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Short & Sweet – group account systems

SVW boasts one of Norway's largest financing practices with more than twenty experienced lawyers. We continually advise our clients across the full spectre of financial service regulations and financing transactions, including asset financing, project financing, acquisition financing and bond financing. In our series of newsletters, we give a brief introduction to various relevant topics in finance. In this piece, we will focus on group account systems.

What is it?
A group account system (Nw: konsernkonto) (“GAS“) is a technical solution a bank may offer its customers that simplifies the process for lending amounts within the customer’s group. It can be a useful tool for managing and controlling the liquidity in the group and ensuring flexibility for allocating liquidity within the various participating group members. It may also limit the need for other credits facilities, reduce commission and interest expenses and simplify group reporting for its subsidiaries. Usually, a GAS is combined with an overdraft facility granted from the account bank to the parent company, which also (indirectly) allows the participating group members access to such credit.

There are a number of related solutions offered by a bank, for example other types of cash pooling or zero balancing solutions.

How does it work?
The parent will establish a “group account”, which will be the main/top account in the system. A positive balance on the group account is a deposit on the account, and a negative balance represents a loan from the bank to the parent.

To benefit from the GSA, the participating subsidiaries of the parent joins the group account system. The bank will set up a sub-account for each such subsidiary, usually referred to as a “participation account”. The purpose of the participation accounts is to monitor transactions and outstanding balances between the participants in the GSA. A participation account does not (in itself) create a separate legal relationship or any loan/debt between the bank and the subsidiaries (and is therefore not an actual bank account which e.g. can be subject to security). A positive balance on a subsidiary’s participation account represents a loan from such subsidiary to the parent, and a negative balance on a subsidiary’s participation account represents a loan from the parent to such subsidiary. The group account will hold the overall net cash position of the GSA.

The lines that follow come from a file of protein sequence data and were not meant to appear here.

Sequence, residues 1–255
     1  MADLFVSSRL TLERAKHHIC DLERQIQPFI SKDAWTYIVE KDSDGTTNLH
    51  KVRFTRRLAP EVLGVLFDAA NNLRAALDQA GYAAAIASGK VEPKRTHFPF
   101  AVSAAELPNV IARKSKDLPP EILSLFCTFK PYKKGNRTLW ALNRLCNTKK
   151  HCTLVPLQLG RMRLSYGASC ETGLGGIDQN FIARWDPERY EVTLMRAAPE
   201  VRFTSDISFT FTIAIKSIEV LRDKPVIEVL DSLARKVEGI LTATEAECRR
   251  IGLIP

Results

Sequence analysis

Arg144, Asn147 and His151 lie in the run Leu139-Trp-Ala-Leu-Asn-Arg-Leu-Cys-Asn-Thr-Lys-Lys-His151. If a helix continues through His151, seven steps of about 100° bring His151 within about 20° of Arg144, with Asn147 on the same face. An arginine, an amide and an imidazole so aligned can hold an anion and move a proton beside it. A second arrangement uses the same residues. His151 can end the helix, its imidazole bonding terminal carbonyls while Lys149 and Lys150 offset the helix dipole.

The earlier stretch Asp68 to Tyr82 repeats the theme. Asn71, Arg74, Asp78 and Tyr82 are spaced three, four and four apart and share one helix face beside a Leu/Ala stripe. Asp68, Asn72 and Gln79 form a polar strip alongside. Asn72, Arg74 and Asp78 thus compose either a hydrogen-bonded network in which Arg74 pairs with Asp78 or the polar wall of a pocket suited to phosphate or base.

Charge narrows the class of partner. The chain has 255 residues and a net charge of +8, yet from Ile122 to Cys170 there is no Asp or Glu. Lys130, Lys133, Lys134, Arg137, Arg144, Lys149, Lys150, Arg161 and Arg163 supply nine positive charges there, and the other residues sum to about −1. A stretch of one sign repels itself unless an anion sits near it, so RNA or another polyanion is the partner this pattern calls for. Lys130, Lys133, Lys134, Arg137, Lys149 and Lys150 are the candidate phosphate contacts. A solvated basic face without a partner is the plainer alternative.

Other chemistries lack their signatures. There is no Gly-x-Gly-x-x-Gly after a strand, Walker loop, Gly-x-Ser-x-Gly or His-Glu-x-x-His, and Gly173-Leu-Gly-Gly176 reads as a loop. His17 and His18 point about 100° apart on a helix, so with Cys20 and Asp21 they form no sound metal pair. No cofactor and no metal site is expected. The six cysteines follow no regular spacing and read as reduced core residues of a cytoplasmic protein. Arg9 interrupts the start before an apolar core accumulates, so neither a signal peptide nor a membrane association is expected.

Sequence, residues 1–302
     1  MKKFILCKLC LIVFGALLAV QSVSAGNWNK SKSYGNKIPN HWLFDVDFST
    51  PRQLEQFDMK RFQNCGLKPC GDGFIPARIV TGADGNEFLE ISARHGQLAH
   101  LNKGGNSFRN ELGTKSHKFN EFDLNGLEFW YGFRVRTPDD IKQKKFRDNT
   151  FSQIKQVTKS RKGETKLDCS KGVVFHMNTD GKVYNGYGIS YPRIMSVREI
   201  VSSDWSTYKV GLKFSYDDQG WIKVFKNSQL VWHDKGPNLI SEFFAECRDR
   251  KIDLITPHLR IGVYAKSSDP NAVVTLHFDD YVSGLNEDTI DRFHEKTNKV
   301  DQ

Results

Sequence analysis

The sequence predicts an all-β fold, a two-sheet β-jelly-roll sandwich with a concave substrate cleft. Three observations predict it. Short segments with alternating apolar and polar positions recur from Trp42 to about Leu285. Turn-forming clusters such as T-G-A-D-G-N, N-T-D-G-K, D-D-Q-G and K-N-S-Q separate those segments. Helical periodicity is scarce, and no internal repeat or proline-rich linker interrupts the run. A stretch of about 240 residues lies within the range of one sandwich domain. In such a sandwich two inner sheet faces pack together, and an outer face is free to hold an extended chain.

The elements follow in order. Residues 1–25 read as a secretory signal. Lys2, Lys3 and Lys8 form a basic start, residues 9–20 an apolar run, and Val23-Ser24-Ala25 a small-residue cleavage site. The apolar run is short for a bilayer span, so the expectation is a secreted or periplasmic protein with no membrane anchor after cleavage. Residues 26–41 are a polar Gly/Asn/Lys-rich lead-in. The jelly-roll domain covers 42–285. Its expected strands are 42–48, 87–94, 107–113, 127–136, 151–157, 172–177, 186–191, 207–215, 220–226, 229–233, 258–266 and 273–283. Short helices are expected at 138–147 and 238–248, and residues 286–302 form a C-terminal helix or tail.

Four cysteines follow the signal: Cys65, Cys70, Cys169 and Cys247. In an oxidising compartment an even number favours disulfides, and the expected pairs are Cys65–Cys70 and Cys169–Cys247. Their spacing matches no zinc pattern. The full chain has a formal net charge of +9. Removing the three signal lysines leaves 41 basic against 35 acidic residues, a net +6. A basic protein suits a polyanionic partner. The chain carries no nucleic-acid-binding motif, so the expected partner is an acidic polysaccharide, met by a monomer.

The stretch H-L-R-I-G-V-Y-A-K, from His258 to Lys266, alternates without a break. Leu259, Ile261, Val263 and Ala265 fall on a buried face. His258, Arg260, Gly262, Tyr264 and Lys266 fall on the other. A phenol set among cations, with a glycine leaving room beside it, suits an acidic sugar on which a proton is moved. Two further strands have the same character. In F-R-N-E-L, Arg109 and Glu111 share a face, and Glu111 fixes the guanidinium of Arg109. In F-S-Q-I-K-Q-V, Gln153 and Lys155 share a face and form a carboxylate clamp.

Relevant documentation and security
Prior to setting up a group account system for its customer, the bank requires the parent to enter into a group account system agreement (the “GSA Agreement“) and an overdraft facility agreement (if applicable). Furthermore, the bank will require each of the participating subsidiaries in the GSA to enter into a participation agreement. In the participation agreement, the subsidiary, inter alia, confirms its participation to the GSA Agreement, guarantees for all payment obligations under the GSA Agreement and the overdraft (if applicable) and subordinates or assigns any receivables owed from the parent created under the GSA to the bank as security thereunder.

Considerations for the parent and its subsidiaries
The parent and the participating subsidiaries should ensure all corporate requirements for entering into the GSA and the relevant agreements are met, including all mandatory requirements under the Norwegian companies acts.

If the parent or a participating subsidiary is financially strained, the board of such company should monitor the situation closely. The board may be required to take action to prevent the relevant company from “draining” liquidity to other group members at the expense of its creditors, or to stop drawing on available liquidity in the GSA. Failure to take such actions may result in liability for the directors.

It is important to note that certain funds, which are not freely available for use, cannot be included in the GSA. For example, an account pledged to a third party, a blocked account, client funds, funds reserved for tax deduction and pension funds.

A group member may also be restricted from participating in the GSA due to negative covenants under its existing financial agreements. The parent and the relevant participating subsidiary should, prior to entering into a GSA, consider any effects on existing arrangements, and, prior to entering into new financial agreements, ensure they include appropriate exclusions to ensure necessary flexibility.

Considerations for the bank
A bank seeks to minimize risk related to a GSA, and protecting its position as a creditor under the overdraft, at the outset, by establishing and documenting the structure and obtaining adequate security. As a part of this, it is important for the bank to ensure the parent and its participating subsidiaries take appropriate corporate actions. Otherwise, it risk agreements being void and invalid.

The inclusion of participants from certain jurisdiction outside Norway may constitute an enhanced risk for the bank. Hence, the banks need to closely consider such risk and ensure they meet the legal requirements applicable to their respective jurisdictions. Typically, the bank will have a “white—list” of approved jurisdictions.

An insolvency or liquidation situation for the parent or a participating subsidiary may trigger a number of potential issues for the account bank as a creditor. A prudent bank will involve its cash management and internal/external legal advisors at an early stage to find good solutions to challenging issues.

Please contact us should you have any questions regarding group account systems.